It’s time to retire Web 2.0

I’m over it. Everywhere you look, it’s Web 2.0, Web 2.0 … Some of the staff at my place of work didn’t even know there was a Web 1.0 and I don’t have the heart to tell them that there wasn’t until Web 2.0 came along.

Now, just as they’re coming to grips with Web 2.0, they’ve learnt from Google University that Web 3.0 is just around the corner. I don’t have the heart to tell them that so far, it’s actually just Web 2.1, but everyone inflates their version numbers to fool you into thinking that their thing is bigger than it really is …

Maybe we hang on to our labels way past their shelf life. We don’t say ‘Distance Education’ all that much because on the web, it’s all distance education. But we still use ‘Flexible Learning’, when it’s all flexible learning – apart from the odd Boot Camp here and there.

And we still talk about ‘Web 2.0’ in a web world richly populated with collaborative, interactive, media-rich, multi-user experiences. Why? Once it might have been  appropriate to highlight the unique benefits of a small, new sector of the web experience by giving it a special label. But now, when the unique has become ubiquitous, what’s the point?

Let’s retire Web 2.0 as a label. If it’s not all Web 2.0 now, it soon will be.

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8 responses to “It’s time to retire Web 2.0

  1. I don’t like 3.0 (at least not for what is currently being developed, which you’re right is 2.1), nor “semantic”. “New media” is even worse, so on balance, I talk about social media these days, because that’s the most descriptive phrase.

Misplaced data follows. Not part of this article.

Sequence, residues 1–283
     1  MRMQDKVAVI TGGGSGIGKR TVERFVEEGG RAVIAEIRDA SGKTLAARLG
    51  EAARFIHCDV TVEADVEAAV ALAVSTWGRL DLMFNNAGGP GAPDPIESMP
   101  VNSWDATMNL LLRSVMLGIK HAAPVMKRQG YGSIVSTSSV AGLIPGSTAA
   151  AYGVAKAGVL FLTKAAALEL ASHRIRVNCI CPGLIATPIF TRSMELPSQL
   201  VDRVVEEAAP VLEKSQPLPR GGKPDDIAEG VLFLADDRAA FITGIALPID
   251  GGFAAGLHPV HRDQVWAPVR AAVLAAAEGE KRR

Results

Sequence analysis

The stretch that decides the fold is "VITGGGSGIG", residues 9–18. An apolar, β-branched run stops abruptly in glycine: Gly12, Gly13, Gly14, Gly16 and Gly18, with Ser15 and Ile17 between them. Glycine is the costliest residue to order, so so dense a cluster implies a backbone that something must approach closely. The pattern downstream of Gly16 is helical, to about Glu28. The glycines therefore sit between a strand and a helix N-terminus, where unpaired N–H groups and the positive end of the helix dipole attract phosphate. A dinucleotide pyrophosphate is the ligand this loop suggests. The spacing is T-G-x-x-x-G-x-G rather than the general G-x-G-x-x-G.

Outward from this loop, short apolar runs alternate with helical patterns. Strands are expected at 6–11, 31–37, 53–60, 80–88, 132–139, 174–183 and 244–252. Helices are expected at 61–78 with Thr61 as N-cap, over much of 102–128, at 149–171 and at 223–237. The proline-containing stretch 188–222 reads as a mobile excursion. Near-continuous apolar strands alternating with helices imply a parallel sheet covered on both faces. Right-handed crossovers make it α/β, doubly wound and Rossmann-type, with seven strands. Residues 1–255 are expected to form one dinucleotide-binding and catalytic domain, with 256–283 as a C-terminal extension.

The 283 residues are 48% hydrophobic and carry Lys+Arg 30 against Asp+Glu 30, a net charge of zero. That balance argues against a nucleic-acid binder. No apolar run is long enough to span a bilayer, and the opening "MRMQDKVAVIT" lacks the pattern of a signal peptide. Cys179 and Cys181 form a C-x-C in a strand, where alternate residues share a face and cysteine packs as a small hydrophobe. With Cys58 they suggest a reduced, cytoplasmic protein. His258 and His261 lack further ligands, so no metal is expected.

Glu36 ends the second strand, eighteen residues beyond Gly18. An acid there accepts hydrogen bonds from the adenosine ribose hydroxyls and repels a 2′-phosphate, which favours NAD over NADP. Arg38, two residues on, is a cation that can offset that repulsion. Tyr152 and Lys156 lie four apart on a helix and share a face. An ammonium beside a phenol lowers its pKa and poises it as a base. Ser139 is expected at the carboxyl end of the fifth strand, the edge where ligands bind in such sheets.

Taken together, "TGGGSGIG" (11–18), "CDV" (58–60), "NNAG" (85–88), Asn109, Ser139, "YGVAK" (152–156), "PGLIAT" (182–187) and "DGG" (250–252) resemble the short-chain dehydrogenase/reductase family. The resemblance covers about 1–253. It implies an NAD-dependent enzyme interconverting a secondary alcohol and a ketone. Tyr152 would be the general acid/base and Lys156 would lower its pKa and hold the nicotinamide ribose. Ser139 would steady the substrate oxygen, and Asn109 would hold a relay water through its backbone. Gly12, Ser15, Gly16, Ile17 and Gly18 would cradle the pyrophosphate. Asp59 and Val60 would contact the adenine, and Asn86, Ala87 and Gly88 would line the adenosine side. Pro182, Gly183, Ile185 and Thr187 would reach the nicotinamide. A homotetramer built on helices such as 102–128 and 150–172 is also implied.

2. I agree that labels become meaningless at some point. In general, we need to stop fixating on labeling and remain focused on learning opportunity and potential. Call it Web 911GT 4.0 Carerra if you would like. Labels can serve as distractions for the inherent learning potential behind them. They can also create barriers for those who are not current in the technologies. However, when focusing on learning, inherent pedagogies don’t change all that much… only how we harness new tools to implement them.

  3. Yes down with Web 2.0 and 3.0! And while we are at it lets burn some books.

  4. The educational mechanic

    That’s it!! Web 911GT 4.0 Carerra! Well, maybe in the future. Hmm, how about Web WRX for the current level of sophistication?

    Joe, I actually did write more after the heading … 😉

  5. Web 2.0 is and always was a buzzword imo. Management types love it, so until they decide it’s dead we will probably keep hearing it. The web does not progress in version numbers like software, it’s a natural organic progression that is happening daily all over the world. Lets retire Web 2.0 and all future Web version buzzwords.

  6. screensailor

    The book “Wikinomics” (which I recommend) gives good illustrations about this topic.

    I also recommend the semantic research in the Norwegian Oil Industry Association, which is state of the art.

  7. screensailor

    Thanks for an interesting article,

    Best regards,

    http://www.screensailor.com

  8. Yes. I have ranted against the terminology yet I have given up. I felt like Canute trying to push back the bloody tide. Web Poo, Point – Oh!

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